3.2 pH:

When compared to other pH range values, it has been experimentally proven that substrates with an optimal range value of pH 7 have a greater biogas generation yield and degradation efficiency. Because microorganism, particularly methanogens, is very sensitive to acidic ambient circumstances, the pH value plays a crucial role. As a result of the acidic environment, they are unable to thrive and produce methane. Increasing the pH value over 7.5 and approaching 8 can, on the other hand, lead to the growth of methanogens, which hinders the acetogenesis process. A particular quantity of buffer solution, such as CaCo3 or lime, is given to the system to keep the pH value in an equilibrium state. Although to produce a better production of biogas, the ideal pH value should be kept between 7.5 and 8.              

3.3. Composition of the food waste

Knowing the composition is necessary for predicting the reaction’s course and pace, as well as the amount of biogas produced. The bio-methanization potential or rate of methane generation is determined by four key concentrations: lipids, proteins, carbs, and cellulose. High lipid content AD systems have a high bio-methanization efficiency, but due to their complicated structure, they require a longer retention time. Proteins have the shortest retention time span, followed by carbs and cellulose.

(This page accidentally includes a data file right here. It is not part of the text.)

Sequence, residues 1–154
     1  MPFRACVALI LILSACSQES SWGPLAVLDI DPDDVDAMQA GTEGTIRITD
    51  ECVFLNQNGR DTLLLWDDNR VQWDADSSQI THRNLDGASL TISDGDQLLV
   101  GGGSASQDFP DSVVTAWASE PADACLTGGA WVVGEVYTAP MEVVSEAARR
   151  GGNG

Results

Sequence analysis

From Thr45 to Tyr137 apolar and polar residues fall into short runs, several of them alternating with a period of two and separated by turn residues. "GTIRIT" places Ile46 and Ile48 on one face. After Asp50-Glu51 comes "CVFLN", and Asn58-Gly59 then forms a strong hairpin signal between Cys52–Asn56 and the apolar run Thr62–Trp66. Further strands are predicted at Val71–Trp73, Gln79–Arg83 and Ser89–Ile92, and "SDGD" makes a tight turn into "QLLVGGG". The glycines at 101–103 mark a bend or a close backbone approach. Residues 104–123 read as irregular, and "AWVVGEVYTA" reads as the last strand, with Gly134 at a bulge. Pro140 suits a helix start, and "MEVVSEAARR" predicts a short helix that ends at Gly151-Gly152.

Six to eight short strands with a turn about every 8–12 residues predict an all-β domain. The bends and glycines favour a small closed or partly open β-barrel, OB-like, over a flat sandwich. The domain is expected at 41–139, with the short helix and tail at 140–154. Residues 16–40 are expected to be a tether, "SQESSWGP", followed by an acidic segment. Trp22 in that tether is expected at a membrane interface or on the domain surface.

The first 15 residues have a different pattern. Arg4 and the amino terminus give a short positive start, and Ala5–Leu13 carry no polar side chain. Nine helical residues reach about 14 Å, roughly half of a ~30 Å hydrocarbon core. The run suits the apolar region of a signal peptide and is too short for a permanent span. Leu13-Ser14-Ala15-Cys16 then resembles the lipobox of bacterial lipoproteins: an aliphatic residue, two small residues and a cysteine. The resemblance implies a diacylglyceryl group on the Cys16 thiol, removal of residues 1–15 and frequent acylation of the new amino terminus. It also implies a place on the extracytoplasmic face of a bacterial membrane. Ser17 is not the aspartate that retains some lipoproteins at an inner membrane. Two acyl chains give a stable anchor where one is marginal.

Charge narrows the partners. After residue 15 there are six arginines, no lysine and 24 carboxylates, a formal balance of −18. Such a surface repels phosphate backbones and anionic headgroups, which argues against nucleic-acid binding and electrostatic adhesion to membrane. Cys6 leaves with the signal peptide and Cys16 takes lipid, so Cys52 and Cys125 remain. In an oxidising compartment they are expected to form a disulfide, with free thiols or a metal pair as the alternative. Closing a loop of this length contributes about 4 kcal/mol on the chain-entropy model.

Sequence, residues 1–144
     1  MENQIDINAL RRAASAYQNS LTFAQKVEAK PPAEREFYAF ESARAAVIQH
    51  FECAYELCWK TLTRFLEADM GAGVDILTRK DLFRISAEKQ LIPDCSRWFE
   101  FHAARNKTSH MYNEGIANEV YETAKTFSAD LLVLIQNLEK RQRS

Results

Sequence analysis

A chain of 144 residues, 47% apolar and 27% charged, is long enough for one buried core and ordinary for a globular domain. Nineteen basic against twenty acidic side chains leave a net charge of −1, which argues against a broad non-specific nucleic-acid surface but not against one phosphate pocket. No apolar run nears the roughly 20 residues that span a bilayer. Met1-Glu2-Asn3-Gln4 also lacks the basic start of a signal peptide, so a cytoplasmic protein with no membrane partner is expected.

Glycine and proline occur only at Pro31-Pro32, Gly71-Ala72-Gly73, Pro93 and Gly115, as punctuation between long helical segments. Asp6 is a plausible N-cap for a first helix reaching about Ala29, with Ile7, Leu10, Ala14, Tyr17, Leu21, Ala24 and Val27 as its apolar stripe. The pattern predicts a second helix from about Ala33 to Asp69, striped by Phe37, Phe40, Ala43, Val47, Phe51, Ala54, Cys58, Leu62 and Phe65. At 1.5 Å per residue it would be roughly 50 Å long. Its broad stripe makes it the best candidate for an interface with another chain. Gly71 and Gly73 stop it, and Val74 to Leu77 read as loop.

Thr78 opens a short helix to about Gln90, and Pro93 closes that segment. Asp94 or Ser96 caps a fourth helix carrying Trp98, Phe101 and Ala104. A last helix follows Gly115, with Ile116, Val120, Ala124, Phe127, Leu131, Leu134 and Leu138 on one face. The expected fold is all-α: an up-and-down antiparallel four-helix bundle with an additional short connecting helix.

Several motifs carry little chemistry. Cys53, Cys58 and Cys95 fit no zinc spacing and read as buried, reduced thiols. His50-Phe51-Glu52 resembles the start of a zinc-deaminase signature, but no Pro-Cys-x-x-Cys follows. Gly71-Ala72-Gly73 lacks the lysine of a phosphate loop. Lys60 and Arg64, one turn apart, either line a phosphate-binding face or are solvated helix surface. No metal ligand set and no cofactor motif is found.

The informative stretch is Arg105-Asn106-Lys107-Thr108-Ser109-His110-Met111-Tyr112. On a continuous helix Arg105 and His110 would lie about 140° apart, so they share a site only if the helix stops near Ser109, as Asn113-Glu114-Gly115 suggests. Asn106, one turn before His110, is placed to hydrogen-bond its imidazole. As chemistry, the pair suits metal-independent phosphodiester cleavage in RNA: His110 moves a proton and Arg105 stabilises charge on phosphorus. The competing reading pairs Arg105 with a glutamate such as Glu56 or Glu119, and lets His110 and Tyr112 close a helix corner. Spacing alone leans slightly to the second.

1. Sources of biogas production

Biogas may be obtained in several different methods:

      • landfill sites.
      • wastewater treatment.
      • co-digestion of manure.
      • other sources. 

  1. What will the remaining Digested substrate be used for? 

Anaerobic digestion of organic materials results in the production of digestate in addition to biogas. After digestion, the latter is the substrate that remains. Because of its nitrogen concentration and the fertilizing effects of its flow characteristics, digestate is a desirable fertilizer. Anaerobic digestion can also inactivate weed seeds, germs, viruses, and other potential pathogens, especially when longer retention durations and higher temperature regimes are utilized.

6 . Biogas End Uses